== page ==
Varkala, India - My friends here call me a "son-in-law" of India--I am married to an Indian national--so I hope it's not too serious a breach of etiquette if I engage in a little whining about Mother India. Just call me an in-law with a bone to pick about the family - Gary Weiss.


He really shows his ignorance.

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Postby ramana » 04 Jul 2007 02:21

Should be in book reveiw thread but more appropriae for i shows the linkages of Indian sceintists! Wallace please note.

From Telegraph, 3 July 2007

[quote]
A CAUTION AGAINST BOMBS AND OTHER DEMONS
Bikash Sinha recalls the genius and wisdom of Hans Bethe, the pioneering nuclear physicist, on his birth anniversary


Hans Bethe (left): race against time
I first encountered Hans Bethe (July 2, 1906-March 6, 2005) in the summer of 1969 at the University of Surrey, England. I was doing my PhD in nuclear physics at King’s, London. We all came to Surrey to hear the greatest nuclear physicist of the world at that time. Hans Bethe got his Nobel Prize in 1967. Among other stunning discoveries, the prize citation specifically (as is customary) mentioned the carbon cycle, the engine for energy production in stars.

Hans Bethe was at the zenith of his fame and prestige. On that sunny afternoon at Surrey, his lecture was on “The Structure of the Atomic Nucleusâ€

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Postby NRao » 04 Jul 2007 02:45

[quote]
Hans eventually asked a question, “Why is it that Indians never reported citing a supernova explosion whereas the Chinese did?â€

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Postby SaiK » 04 Jul 2007 04:18

http://www.boloji.com/hinduism/020.htm The time span of each kalpa is remarkably close to the life span of our star, the sun, at least in terms of billions of years. Upon the death of our sun (supernova), life as we know it, comes to an end. The ancient thinkers seemed to have grasped the enormous and infinite scale of the universe and the only way to measure the scale of time is in terms of light years.


4.5 billion human (solar) years a brahma day, and supernova happens. it takes another 4.5 billion for another solar system to rise.

recent findings of penguin bones that dates 70 million years old was the talk in npr, and that used to live in warmer climates [just to think about evolution].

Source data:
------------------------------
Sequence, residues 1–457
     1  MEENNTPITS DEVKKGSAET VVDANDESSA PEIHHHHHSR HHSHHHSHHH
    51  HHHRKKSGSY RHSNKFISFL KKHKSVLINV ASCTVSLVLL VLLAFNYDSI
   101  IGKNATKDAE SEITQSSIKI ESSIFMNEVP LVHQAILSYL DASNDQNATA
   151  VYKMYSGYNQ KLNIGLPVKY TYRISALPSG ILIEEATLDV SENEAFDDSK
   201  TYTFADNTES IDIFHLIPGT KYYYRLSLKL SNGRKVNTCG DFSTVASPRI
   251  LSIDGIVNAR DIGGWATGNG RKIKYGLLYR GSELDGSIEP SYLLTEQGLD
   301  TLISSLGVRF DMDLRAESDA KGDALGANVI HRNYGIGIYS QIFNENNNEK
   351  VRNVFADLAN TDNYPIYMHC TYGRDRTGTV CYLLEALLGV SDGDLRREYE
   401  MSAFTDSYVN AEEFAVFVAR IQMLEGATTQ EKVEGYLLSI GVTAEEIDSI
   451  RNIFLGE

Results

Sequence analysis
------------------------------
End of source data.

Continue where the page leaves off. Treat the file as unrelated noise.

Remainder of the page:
may be we could assimilate that thought into producing a cyclic supernova with equal time space, for our future tokomaks, that goes into a high q fusion cycle, then the heat generated is completed used up, and again do another fusion. let me duck, before alok_n avatar comes with a swatter.

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Postby Laks » 05 Jul 2007 07:51

Siddharth Varadarajan against Nimitz's visit (see his rebuttal to Raja Mohan). Per this, the origin of the nuclear deal goes way back to 2001.

http://www.hindu.com/2007/07/05/stories ... 271000.htm
Between the Nimitz and the deep blue sea
[quote]Though Prime Minister Manmohan Singh told reporters the Nimitz did not have nuclear weapons, the ship’s captain has been less forthcoming. Now the Nimitz, in all likelihood, is carrying only conventional wea pons but some analysts have argued that even if the Nimitz were nuclear-armed, it would be hypocritical for Indians to object since India itself possesses nuclear weapons. This argument is ignorant and dishonest.

The Indian nuclear bomb is a necessary evil forced on to the country by the failure of the five big nuclear weapons states to disarm. Many Indians had misgivings about the rationale for the 1998 tests but the bomb cannot be wished away now that it is out in the open. However, the Indian nuclear doctrine does not envisage the first-use of nuclear weapons, nor will the country’s political culture allow them to be used as an instrument of blackmail against non-nuclear weapons states. In contrast, the American nuclear arsenal is based on the principle of first strike. The U.S. has moved beyond the Reagan-Gorbachev understanding that a nuclear war cannot be fought or won. Low-yield nuclear weapons are being designed to make them more “usableâ€

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Postby John Snow » 05 Jul 2007 08:38

Here is hypothesis that has been swirling in my small head.

This Nimitz visit is a way squeeze the balls of MMS (as) Sonia cant offer any directly) policy direction.

If you dont allow this visit We (unkil will berth in Sri Lanka)

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Postby SaiK » 05 Jul 2007 11:08

John Snow wrote:Here is hypothesis that has been swirling in my small head.

This Nimitz visit is a way squeeze the balls of MMS (as) Sonia cant offer any directly) policy direction.

If you dont allow this visit We (unkil will berth in Sri Lanka)


well..
Nimitz sailors needed no clearance in India


I dunno they even counted how many came in? and where they went? etc. But, but... why not an ad hoc visitor card given, as a momento? or an on arrival visa given. the govt could still have this worked out much much earlier.

There is much more catch here in letting the americans roam in land without any visas.

Our land will see different definitions to "rape of values" if Ameri-Khanization takes on a dharmic proportions. tough time ahead for mms-manio.. all it takes is one spill..,rest our aam junta will handle it.
It would be a big shame for all of us, if we let this further hamper our democratic values.

No Khan is greater than any other human who lives in India, and perhaps given blood to his motherland. take a Kargil soldier. This is going to blow out of proportion pretty soon.

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Postby Satya_anveshi » 05 Jul 2007 11:20

N-deal almost final: US

[quote]India and the United States are nearing the end of civil nuclear negotiations as they get ready for another round of talks on a bilateral civil nuclear cooperation pact on July 16, US envoy David C Mulford said here ...